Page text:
UK fishing boat still detained in France despite minister’s claim

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Photo taken on March 24, 2020 shows fishing vessels near a port in Yinhai district of Beihai, south China’s Guangxi Zhuang Autonomous Region. Ports in the city have resumed work to improve fish production amid epidemic prevention and control. Photo by Li Junguang/People’s Daily Online
Photo by Li Junguang/People’s Daily Online

A British vessel caught in a diplomatic storm between France and Britain remains stuck in Le Havre despite the London government’s environment secretary having suggested it had been released.

George Eustice said on Tuesday morning that he understood the Cornelis Gert Jan had been freed following an “administrative confusion.”

But Downing Street was later forced to clarify that it “remains in port” after it emerged the Scottish-registered scallop dredger had not been released.

The vessel was detained during a row in which France threatened to block British boats from landing their catches in French ports and tighten customs checks.

Paris alleges the British authorities have failed to grant licences to French boats to fish in British waters after Brexit. However, Paris held off threats to impose punitive action against British vessels that could have been implemented on Tuesday.

Andrew Brown, the head of public affairs for Macduff Shellfish, which owns the vessel, said: “Our understanding is that the Cornelis remains held at Le Havre at least until the hearing at Rouen scheduled for tomorrow.”

Officials also admitted that the vessel remained subject to detention by French authorities.

GPS co-ordinates put the Cornelis as remaining in Le Havre on Tuesday afternoon.

During a morning round of broadcast interviews, Mr Eustice told Sky News: “I understand that vessel has now been released and I think there’s going to need to be some further discussions, clearly there was an administrative error at some point.”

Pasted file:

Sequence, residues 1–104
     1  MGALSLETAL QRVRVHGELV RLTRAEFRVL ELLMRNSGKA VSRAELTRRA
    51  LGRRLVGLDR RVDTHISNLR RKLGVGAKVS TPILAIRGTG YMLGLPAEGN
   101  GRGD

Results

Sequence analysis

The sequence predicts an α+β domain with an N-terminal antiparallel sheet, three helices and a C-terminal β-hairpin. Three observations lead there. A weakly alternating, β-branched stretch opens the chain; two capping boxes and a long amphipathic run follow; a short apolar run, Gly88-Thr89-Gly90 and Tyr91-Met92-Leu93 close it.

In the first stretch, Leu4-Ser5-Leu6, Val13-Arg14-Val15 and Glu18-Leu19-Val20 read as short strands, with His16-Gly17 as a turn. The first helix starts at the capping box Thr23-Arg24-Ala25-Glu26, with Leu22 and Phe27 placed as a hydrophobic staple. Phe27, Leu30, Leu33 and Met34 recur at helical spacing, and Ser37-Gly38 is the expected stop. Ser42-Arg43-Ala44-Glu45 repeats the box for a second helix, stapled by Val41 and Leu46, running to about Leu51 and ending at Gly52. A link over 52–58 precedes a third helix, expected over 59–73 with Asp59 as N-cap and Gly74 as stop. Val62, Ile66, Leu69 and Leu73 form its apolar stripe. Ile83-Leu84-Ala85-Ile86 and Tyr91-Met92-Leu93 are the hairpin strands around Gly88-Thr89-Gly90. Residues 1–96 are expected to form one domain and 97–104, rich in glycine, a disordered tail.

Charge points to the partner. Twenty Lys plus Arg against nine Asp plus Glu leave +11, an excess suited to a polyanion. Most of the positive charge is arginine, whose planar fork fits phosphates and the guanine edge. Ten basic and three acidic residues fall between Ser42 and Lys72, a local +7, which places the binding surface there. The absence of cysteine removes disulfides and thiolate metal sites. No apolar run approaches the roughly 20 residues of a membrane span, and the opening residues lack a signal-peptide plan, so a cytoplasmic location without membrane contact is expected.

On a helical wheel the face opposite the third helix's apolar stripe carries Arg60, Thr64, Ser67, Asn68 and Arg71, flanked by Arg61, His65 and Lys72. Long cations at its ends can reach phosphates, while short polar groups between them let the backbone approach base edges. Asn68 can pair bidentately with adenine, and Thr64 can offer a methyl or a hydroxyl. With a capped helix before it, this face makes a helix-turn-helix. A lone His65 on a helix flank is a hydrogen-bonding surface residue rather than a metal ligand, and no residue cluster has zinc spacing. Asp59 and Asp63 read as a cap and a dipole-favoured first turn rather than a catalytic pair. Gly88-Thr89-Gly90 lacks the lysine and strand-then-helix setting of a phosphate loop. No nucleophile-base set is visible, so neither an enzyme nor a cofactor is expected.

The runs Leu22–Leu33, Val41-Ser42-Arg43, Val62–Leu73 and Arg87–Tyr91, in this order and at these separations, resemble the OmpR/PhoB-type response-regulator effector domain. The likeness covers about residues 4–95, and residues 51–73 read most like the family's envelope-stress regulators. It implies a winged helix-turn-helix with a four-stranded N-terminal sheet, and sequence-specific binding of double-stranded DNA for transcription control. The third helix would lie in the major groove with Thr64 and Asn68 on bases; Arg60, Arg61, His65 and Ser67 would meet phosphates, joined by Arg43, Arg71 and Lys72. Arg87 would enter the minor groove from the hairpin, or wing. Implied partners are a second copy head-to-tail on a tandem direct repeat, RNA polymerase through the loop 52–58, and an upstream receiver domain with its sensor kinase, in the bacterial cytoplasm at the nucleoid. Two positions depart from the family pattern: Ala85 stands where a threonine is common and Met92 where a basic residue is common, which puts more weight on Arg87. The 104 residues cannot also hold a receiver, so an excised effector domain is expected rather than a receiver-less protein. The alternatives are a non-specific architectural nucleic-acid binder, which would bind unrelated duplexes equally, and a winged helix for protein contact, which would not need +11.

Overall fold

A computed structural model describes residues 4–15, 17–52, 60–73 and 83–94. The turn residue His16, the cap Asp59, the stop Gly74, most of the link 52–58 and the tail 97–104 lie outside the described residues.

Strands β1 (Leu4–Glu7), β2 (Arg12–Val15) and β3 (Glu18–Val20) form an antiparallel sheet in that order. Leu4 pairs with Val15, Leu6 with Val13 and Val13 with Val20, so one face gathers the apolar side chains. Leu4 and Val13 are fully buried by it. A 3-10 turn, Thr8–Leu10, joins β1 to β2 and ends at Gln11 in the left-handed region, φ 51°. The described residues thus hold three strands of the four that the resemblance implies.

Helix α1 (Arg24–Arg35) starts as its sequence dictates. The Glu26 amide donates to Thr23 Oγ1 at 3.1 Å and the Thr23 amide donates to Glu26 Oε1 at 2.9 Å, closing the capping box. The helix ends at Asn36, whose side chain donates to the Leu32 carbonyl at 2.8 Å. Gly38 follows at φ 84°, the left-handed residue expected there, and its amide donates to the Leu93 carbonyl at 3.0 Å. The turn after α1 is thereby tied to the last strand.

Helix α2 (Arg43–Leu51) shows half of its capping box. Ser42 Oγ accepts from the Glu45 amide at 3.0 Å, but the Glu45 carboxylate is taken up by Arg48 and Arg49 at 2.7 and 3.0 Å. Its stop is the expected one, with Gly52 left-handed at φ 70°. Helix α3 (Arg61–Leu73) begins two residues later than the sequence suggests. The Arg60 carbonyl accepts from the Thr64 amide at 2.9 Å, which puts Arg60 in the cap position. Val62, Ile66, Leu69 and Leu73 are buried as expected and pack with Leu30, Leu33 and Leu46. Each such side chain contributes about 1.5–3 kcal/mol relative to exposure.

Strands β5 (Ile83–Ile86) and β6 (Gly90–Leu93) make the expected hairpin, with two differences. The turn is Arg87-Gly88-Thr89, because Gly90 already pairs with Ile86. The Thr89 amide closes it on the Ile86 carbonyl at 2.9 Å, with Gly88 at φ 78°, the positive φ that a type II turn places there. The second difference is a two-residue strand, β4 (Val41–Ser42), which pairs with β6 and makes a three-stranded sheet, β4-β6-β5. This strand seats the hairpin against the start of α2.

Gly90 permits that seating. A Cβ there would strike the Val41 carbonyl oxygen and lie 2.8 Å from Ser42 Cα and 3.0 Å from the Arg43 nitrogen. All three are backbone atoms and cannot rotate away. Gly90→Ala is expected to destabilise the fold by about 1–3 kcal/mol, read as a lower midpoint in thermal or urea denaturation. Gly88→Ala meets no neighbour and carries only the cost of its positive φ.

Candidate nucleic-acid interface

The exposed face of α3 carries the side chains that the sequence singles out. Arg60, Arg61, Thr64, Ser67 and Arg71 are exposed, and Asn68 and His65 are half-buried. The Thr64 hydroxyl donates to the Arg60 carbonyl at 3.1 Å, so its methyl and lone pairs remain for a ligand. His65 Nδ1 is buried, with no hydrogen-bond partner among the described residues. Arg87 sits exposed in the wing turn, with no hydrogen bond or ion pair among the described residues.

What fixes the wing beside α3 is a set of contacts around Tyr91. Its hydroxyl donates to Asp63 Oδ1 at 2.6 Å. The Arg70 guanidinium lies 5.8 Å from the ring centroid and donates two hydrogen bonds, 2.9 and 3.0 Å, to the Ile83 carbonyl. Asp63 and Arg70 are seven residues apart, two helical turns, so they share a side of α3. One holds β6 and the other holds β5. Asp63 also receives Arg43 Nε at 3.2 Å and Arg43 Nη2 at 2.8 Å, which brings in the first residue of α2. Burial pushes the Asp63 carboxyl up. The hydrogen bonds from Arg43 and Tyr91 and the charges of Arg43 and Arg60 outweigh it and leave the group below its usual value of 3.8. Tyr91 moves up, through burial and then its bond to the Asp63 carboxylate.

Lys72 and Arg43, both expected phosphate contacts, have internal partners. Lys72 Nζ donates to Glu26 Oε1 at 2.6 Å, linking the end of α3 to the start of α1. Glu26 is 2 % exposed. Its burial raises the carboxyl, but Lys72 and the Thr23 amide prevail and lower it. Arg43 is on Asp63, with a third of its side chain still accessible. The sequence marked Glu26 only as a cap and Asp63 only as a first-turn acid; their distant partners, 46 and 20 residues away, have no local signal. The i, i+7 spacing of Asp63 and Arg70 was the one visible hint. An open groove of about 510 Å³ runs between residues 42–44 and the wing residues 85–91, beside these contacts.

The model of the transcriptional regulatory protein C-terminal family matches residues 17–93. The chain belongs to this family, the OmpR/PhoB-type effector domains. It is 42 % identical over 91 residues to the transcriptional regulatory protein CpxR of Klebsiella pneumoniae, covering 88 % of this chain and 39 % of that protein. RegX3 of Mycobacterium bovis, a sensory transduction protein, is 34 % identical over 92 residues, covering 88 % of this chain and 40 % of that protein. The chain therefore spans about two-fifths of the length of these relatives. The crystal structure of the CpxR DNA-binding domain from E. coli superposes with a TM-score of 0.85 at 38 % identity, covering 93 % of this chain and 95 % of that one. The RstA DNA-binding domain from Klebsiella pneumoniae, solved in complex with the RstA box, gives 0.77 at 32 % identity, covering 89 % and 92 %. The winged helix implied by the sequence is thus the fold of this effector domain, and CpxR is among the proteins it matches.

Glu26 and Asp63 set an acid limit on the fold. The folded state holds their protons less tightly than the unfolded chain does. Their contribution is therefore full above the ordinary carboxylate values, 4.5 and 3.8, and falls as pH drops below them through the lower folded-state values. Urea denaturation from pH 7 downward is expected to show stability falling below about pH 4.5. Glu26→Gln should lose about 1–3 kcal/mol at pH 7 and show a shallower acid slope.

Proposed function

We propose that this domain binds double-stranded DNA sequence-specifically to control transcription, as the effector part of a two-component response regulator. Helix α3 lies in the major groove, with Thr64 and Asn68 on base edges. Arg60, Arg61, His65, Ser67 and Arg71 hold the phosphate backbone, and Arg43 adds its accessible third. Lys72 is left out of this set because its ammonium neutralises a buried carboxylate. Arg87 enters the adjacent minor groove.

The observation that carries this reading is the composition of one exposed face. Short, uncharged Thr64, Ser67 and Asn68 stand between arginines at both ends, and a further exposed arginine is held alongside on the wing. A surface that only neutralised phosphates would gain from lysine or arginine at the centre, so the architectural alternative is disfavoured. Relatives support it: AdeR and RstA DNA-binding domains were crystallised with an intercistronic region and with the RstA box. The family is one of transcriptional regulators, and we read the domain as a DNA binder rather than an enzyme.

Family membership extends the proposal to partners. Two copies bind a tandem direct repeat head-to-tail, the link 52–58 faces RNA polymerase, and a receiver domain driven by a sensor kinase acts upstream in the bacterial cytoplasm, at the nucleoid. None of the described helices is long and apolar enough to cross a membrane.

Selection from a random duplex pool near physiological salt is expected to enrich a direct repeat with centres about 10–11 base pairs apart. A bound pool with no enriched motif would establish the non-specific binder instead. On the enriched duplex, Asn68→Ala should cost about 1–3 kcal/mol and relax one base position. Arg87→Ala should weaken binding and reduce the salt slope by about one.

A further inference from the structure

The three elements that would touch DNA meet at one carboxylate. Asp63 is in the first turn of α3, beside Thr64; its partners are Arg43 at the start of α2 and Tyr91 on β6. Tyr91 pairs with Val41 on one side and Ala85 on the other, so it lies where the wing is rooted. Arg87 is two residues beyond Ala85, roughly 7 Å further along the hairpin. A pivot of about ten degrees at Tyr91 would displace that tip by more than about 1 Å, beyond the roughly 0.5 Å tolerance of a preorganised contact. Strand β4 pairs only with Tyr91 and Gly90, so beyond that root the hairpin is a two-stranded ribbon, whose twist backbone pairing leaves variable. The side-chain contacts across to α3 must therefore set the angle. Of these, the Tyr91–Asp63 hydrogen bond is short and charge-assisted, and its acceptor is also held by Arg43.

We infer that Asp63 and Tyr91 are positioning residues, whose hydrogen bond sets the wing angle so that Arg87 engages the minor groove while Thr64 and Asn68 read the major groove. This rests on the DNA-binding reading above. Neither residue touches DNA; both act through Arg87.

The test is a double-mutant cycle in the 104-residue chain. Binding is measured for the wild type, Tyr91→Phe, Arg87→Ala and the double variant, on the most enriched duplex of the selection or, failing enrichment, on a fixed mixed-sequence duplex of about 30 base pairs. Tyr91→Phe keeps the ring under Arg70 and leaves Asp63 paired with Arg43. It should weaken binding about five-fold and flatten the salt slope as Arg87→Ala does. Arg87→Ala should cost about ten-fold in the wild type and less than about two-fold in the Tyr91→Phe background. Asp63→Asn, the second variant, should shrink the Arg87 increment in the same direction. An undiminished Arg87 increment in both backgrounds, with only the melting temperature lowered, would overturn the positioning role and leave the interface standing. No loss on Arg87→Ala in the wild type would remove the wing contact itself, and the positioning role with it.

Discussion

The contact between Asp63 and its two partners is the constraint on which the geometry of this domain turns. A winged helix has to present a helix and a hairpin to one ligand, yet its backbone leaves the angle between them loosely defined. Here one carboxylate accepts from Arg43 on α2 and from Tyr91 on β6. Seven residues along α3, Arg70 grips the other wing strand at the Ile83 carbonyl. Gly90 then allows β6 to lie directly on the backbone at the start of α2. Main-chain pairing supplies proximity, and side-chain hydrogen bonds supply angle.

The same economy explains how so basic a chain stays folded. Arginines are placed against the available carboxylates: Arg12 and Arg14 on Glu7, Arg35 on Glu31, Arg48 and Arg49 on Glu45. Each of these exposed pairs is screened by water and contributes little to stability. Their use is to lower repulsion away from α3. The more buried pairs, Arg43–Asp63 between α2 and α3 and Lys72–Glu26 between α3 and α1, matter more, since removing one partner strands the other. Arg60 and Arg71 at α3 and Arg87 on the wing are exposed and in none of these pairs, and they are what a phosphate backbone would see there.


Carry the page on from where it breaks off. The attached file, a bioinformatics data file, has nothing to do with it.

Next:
He subsequently described the issue on BBC Breakfast as an “administrative confusion” due to a change in the engine.

Officials later suggested there had been a miscommunication.

The captain of the Cornelis Gert Jan vessel, understood to be an Irish national, was detained in Le Havre during the row and was told he faces a court hearing in August next year.

French authorities allege the dredger did not have a licence, a claim Macduff Shellfish denies.

The EU said British authorities withdrew the licence on March 1.

As talks to settle the row over fishing licences continue, fishermen along France’s northern coast have described their frustration at being refused access to British waters.

Jeremy Lhomel, a fisherman based in the coastal town of Boulogne-sur-Mer, said the inability to access British waters was catastrophic for those earning a living from fishing in the Channel.

He told the PA news agency: “This situation with the licences, we think there’s a lot of bad faith because we are small family boats, we have three, four people on board, we don’t empty the sea, we deal with very few fish, and for us the situation is catastrophic because we can no longer access these waters.

“For us it’s vital to get these licences so that we can fish; it’s a matter of life or death.”

Lhomel said fishermen working from the port of Boulogne who have not received licences have lost access to “half of the Strait” of Dover – the narrowest part of the Channel.

“We can no longer fish properly,” he said angrily.

The British Government has said it is issuing licences to vessels that can prove they have previously fished in British waters.

But Lhomel insisted he had sent British authorities all the evidence possible and noted that small boats lacked relevant tracking systems to prove their presence in British waters.

The fisherman, who is in his 30s, pointed out that all Boulogne fishing boats had previously been in British waters because of their proximity.

“How can the British Government say that we never fished in British waters?” he said, repeating that it was an act of “bad faith” on the part of the British.

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